It’s an interesting intersection of events that Dan Majerle‘s invitation into the Arizona Sports Hall of Fame came at almost the same time that Grand Canyon University got its formal acceptance from the NCAA as a Division I program.
Majerle, one of the most popular players in Phoenix Suns history, is getting ready to begin his fifth season as the GCU head basketball coach. He has guided the program through a challenging four-year transition period from Division II to full accreditation at the D-I level.
With the approval for active membership, issued three weeks ago by the NCAA, the Antelopes will be eligible for postseason play, beginning with this season. That has been a major hurdle for Majerle as he has tried to sell recruits on a program that left them with no chance to play in the NCAA Tournament during the transition period.
That all changes now. And that may be even more important to Majerle than getting into the hall. He has big plans for the GCU program. He sees the small Christian college in west Phoenix as David vs. Goliath and wants the school to become the next Gonzaga or Butler, able to compete with the big boys.
The D-I acceptance appeared to be a done deal after GCU put together a full complement of sports programs that demonstrated during the transition that they were capable of competing at that level. GCU won 13 championships over the four-year period while competing in the Western Athletic Conference.
But the announcement earlier this week that Majerle would be on the list of inductees for this year’s class for the Arizona Sports Hall of Fame was a little more unexpected.
The honor comes after other similar recognition of his success during his college and NBA careers. He had already been inducted into the Michigan (his home state) and Central Michigan University (his alma mater) halls, as well as the Phoenix Suns Ring of Honor. His No. 44 jersey was retired at CMU and his No. 9 Phoenix Suns jersey was also retired.
Majerle, who played in three NBA All Star games, has had a high profile in the local community for many years and has a dedicated following among Valley sports fans. He spent eight years in a Suns uniform, four years as a Suns broadcast analyst, and another five years as an assistant coach, and has a string of sports-themed restaurants around the Valley that carry his name.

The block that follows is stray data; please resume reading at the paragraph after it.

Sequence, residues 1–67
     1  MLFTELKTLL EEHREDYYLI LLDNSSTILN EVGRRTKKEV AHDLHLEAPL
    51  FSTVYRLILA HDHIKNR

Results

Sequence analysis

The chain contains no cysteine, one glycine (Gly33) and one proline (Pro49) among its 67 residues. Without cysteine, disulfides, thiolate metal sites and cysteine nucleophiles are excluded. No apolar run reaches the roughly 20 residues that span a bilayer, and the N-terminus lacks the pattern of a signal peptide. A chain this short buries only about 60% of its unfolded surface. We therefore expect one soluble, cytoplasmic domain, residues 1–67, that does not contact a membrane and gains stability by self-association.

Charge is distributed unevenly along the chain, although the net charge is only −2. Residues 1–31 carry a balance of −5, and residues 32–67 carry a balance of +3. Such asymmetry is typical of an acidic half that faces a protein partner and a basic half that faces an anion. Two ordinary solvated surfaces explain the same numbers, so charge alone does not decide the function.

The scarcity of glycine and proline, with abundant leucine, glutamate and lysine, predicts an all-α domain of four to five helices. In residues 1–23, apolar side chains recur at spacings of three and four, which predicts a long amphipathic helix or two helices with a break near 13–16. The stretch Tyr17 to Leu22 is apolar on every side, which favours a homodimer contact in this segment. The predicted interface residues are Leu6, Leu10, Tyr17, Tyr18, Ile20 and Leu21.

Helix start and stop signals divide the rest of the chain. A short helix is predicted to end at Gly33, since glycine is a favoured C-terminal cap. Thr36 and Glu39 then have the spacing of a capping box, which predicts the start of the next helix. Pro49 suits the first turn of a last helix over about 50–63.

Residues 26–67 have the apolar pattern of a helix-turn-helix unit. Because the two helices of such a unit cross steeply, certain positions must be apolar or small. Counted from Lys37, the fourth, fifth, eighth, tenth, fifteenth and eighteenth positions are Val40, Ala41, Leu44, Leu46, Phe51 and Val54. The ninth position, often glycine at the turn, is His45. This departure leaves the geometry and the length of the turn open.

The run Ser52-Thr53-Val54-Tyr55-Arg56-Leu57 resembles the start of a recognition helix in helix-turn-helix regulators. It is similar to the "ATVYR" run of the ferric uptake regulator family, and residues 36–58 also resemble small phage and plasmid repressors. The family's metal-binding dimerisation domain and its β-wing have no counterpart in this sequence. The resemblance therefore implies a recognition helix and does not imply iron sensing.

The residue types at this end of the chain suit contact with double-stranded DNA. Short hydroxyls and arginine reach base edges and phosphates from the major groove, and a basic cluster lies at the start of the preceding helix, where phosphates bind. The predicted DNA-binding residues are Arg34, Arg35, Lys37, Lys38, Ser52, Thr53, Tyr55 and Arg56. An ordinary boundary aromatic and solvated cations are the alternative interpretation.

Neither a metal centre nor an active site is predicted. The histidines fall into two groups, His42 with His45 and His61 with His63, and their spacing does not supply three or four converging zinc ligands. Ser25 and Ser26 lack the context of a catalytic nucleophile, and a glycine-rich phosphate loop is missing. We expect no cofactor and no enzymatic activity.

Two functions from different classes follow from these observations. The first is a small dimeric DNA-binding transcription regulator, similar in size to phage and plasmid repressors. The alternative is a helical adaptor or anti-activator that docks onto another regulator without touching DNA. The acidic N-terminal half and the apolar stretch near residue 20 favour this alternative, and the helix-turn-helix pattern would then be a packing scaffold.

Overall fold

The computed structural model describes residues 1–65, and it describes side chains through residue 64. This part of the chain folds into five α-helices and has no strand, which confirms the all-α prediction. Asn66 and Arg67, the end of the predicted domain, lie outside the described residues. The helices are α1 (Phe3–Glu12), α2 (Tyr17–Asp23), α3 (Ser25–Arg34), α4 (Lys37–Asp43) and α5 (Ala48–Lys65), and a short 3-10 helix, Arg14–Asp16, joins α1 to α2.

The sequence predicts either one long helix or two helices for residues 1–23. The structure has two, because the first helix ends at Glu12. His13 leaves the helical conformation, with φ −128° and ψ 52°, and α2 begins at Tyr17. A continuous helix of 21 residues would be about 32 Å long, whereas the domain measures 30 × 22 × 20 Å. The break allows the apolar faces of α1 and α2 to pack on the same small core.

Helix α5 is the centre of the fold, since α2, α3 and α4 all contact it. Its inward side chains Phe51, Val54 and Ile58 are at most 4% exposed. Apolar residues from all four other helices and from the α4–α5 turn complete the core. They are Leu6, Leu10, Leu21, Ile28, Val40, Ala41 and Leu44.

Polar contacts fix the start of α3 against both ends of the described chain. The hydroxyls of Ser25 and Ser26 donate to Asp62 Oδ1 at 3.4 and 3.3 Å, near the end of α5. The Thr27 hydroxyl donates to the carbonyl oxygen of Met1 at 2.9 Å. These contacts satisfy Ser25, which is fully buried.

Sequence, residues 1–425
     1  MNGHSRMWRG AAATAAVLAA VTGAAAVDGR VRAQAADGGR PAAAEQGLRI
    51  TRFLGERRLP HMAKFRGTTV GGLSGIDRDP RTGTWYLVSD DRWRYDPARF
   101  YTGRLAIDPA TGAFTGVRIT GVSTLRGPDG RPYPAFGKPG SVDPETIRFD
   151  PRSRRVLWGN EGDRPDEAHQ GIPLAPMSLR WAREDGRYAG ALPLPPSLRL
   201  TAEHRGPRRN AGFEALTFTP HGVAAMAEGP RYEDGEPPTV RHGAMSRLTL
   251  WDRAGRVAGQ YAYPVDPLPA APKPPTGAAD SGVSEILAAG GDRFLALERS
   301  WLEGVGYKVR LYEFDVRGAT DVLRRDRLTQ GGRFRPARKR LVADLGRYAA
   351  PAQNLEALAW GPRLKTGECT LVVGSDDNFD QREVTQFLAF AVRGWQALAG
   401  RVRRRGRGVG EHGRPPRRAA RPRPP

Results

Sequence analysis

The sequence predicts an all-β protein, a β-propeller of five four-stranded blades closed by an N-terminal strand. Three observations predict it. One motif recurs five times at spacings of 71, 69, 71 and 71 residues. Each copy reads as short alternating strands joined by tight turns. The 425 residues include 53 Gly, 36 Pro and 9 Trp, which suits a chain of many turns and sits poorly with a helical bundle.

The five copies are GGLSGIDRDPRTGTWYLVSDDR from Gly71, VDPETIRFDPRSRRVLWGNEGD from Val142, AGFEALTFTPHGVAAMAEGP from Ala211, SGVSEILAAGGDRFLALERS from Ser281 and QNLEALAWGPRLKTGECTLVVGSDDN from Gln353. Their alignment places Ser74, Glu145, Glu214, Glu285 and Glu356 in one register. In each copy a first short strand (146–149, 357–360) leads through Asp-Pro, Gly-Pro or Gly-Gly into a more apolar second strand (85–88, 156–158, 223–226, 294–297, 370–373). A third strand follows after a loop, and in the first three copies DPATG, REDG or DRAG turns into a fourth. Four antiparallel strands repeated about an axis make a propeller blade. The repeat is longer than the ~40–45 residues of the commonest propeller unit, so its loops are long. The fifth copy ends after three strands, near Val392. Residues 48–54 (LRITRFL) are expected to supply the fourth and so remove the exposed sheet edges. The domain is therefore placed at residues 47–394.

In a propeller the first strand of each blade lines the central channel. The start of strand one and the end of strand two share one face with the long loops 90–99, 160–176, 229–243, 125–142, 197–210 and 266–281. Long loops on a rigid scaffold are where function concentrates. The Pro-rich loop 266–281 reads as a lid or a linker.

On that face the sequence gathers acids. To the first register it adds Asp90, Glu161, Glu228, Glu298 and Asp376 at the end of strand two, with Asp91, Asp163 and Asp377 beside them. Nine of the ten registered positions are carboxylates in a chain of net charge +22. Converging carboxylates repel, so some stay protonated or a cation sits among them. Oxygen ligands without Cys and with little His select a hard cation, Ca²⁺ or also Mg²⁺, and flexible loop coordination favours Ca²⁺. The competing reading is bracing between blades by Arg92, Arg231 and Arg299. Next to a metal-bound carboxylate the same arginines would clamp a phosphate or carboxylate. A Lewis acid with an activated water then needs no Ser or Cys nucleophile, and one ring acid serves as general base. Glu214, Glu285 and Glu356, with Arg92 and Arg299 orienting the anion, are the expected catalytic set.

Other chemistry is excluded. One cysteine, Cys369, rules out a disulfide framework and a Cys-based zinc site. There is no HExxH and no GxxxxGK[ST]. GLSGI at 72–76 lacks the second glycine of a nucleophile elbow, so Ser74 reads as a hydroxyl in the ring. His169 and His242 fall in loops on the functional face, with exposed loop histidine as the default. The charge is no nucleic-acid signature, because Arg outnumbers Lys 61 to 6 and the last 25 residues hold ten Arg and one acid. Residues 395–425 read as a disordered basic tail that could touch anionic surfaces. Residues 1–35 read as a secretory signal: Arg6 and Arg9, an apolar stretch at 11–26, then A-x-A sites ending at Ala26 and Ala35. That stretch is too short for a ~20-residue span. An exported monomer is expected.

His nickname, Thunder Dan, comes from his hard-charging, blue-collar style of play and thunderous dunks. In 2003, the Suns organization established the Majerle Hustle Award, presented at the end of each season to the player that most personified the hustle and determination that Majerle displayed as a player.
“I fell in love with the Suns,” Majerle said in an article announcing his induction that was posted on the GCU website. He was drafted by the Suns as the 14th overall pick in the first round in 1988.
“The fans took to me. I played for some great teams and was able to be a broadcaster and coach and have restaurants. Then to move 20 minutes away and be a part of this great university as a coach, I’m very fortunate to be able to do the things that I’ve been able to do and get the support that I’ve had from a lot of people in this state.”
That name recognition made him a logical choice to take over the GCU basketball program when he left the Suns in 2013 after being passed over for the head-coaching job. The school was in the process of branding itself through its sports programs and was looking for high-profile individuals to help accomplish that.
Former Suns owner, Jerry Colangelo, was serving as an advisor to the school at the time, brought on board to help GCU make a successful transition to Division I.
Colangelo, also one of the most recognizable names in the state, was the catalyst for hiring Majerle. And since the two have become good friends, Colangelo, who is already a member of the HOF, will likely be there on Nov. 1 when the induction ceremony takes place at the Scottsdale Plaza Resort.
This year’s incoming group includes Arizona Cardinals owner Bill Bidwell, former Phoenix Coyotes captain Shane Doan, ASU All-American wrestler Anthony Robles, and former azcentral sports columnist Paola Boivin, who will become the first female journalist to enter the hall, which was founded in 1957.
Expect to see another larger-than-life figure at the ceremony since Majerle will also be joining a group that includes the man he once called his favorite teammate during his time in the NBA, Charles Barkley. The two played on the 1992-93 Suns team that won 62 games and made it to the NBA finals, and then went on to become good friends.
While there will be much to celebrate the night of Nov. 1, Majerle likely won’t take the party too far into the night. His GCU team is hosting the Fighting Saints from the University of St. Francis (Ill.) in an exhibition game the next day.
However, that may be difficult to avoid if Sir Charles shows up to the party.